Nowadays, the mention of “Banana Republic” is likely to evoke images of a fashion brand. And yet, if one looks a bit deeper into the history of this name, it reveals a truly horrifying story of the American invasion, intervention, and exploitation of Latin America for more than three decades.
Indeed, from 1901-1934, the United States was engaged in what has now come to be known as the Banana Wars. While the specific reasonings for intervention and the exploited resources varied from country to country, that of the banana trade is a case study truly illustrative of American imperialism driving the economic slavery of once-independent nations.
It all started with the Monroe Doctrine of 1904, an American policy that allowed the U.S. to excuse any foreign intervention under the guise of “policing them”. In reality, it allowed for the government and corporations to exploit these countries and establish monopolies that siphoned wealth away from the people. It did not take long for this policy to be acted upon; the United States–looking to fill the power vacuum in the region–began occupying countries throughout Latin America almost immediately.
With this newly arrived American influence in the region, three companies sensed an opportunity to exploit the banana trade in Latin America. These were United Fruit Company, Cuyamel, and the Standard Fruit Company, and the race between them was on. The profits each made in their operations were immediately put into bribing officials, buying land, and expanding their burgeoning empires.
With American backing, these corporations quickly became unstoppable. They made continuous calls on the United States military to aid in their vested interests, from dealing with “domestic disputes with local authorities to international issues over land rights and sovereign territory” (Piper). Governments or legislation that were unfavorable to them were quickly snuffed out. Left and right, theU.S. government was backing and financing the overthrow of democratically elected leaders in the region. Honduras for instance was invaded seven times from 1903 to 1925.
To continue their stranglehold on the (unwitting) host countries, the banana companies also began funding the construction of infrastructures such as roads, railroads, electrical grids, telephone wires, and more. While these additions facilitated their business operations, this further entrenched their presence in the region.
Now, three companies controlled nearly all exports and infrastructure in Central America and Banana Republics were born. In these nations “designed” to serve corporate interests, no opposition could be allowed. Worker protests and strikes were met with violent suppression. At the mere whisper of revolt, paramilitaries were mobilized, subsequently leading to repeated massacres of anybody who could hurt the companies’ bottom lines.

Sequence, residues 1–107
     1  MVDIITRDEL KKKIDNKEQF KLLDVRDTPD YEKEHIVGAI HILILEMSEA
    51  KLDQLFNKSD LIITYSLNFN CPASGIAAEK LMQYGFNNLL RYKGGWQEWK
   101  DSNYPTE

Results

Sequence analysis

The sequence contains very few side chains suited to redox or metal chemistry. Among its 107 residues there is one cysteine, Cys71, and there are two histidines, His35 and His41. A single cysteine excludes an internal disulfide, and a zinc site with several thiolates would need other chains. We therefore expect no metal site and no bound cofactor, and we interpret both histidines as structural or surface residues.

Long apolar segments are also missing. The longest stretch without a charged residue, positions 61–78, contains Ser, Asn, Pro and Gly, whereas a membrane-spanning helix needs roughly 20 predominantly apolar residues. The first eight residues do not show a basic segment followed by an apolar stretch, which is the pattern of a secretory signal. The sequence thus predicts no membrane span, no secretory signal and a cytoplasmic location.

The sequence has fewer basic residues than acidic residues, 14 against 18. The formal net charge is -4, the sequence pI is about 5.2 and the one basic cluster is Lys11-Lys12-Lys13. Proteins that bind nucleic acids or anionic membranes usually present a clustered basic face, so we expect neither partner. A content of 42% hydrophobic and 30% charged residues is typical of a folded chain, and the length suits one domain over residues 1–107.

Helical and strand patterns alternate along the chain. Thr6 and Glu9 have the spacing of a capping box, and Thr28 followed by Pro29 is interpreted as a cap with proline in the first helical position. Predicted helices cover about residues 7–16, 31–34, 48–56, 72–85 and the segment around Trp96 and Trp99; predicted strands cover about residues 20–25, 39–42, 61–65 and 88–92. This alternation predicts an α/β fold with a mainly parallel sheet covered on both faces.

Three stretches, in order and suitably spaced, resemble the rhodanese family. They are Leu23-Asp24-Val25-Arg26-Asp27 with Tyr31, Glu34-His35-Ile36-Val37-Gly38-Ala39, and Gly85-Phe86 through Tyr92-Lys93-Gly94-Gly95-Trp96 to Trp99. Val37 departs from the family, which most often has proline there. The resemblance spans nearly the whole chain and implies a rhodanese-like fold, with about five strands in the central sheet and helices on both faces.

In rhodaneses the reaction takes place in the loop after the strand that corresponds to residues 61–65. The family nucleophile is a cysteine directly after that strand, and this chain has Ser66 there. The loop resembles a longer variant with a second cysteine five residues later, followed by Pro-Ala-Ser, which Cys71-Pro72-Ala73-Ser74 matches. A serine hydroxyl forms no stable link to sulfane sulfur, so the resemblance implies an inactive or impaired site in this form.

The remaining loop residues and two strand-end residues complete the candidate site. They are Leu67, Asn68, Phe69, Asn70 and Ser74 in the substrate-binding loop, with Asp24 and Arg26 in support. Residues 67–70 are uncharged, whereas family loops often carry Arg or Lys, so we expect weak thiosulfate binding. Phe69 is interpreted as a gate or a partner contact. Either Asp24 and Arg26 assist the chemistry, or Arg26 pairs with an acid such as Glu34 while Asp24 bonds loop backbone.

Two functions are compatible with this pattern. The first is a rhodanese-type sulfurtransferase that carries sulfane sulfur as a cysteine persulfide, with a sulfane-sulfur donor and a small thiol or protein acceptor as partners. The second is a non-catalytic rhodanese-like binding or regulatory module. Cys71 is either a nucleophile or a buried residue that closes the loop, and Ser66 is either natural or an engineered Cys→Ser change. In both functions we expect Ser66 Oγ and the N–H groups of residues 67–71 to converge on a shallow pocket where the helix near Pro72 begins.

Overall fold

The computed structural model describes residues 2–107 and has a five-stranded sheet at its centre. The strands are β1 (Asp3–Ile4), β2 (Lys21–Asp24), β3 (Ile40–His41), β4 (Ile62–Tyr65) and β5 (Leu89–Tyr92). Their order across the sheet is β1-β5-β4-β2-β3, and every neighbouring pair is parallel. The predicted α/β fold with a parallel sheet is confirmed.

Finally, in 1934, this bloody reign of terror ceased. As the Great Depression hit with full force back home, the amount that the United States had invested became bad optics. With American opinion on interventionism hitting new lows, American foreign policy shifted in Latin America. As the President put it: “[n]o state has the right to intervene in the internal or external affairs of another.” The country enacted the “Good Neighbour Policy”, withdrawing from countries it had occupied for more than 20 years in some cases.
While this officially removed the American military backing the corporations expected, not much changed about their business practices. To this day, United Fruit–now rebranded as Chiquita–and Standard Fruit–aka Dole Food–are billion-dollar companies that exploit workers and violate human rights laws to achieve profit.
As recently as 2007, Chiquita was fined 25 million by the U.S. Justice Department for supporting terrorist organizations and utilizing paramilitary groups in their operations. Likewise, in 2017, Dole was charged with crimes against humanity for similar paramilitary U.S.age.
This continued abuse and interference in the region has greatly hampered the social and economic development of Latin America. The constant government overthrows and labour exploitation robbed the local peoples of the ability to create their markets, reinvest into development and grow as a country: “[a] lot of money and capital were siphoned away from the local people during this time and the lack of economic development can still be seen” (Piper) in the instability of the region today.
In short, American Corporations completely decimated the quality of life of an entire continent for the foreseeable future. All for a fruit.
ASSOCIATED PRESS. “Chiquita Goes Private as Acquisition Completed.” The Charlotte Observer, 7 Jan. 2015, www.charlotteobserver.com/news/business/article9253202.html#:~:text=The%20agreement%20came%20after%20shareholders,the%20assumption%20of%20Chiquita’s%20debt..
colombiareports. “Dole and Del Monte Also Facing Crimes against Humanity Charges for Financing Death Squads in Colombia: Report.” Colombia News | Colombia Reports, 4 Feb. 2017, colombiareports.com/dole-belmonte-also-accused-crimes-humanity-financing-banana-death-squads-colombia-report/. Accessed 7 May 2021.
Gilderhus, Mark T. The Second Century : U.S., Latin American Relations : Since 1889. Wilmington (Delaware), Sr Books, 2000.
Jargon, Saabira Chaudhuri and Julie. “Dole Food Agrees to $1.2 Billion Buyout Offer.” Wall Street Journal, 12 Aug. 2013, www.wsj.com/articles/SB10001424127887323585604579008502351303672. Accessed 8 May 2021.
Lauterwasser, David B. “The Red on Yellow — Chiquita’s Banana Colonialism in Latin America.” Medium, 14 Oct. 2017, medium.com/@FeunFooPermaKra/the-red-on-yellow-chiquitas-banana-colonialism-in-latin-america-1ca178af7616#:~:text=The%20Red%20on%20Yellow%20%E2%80%94%20Chiquita. Accessed 8 May 2021.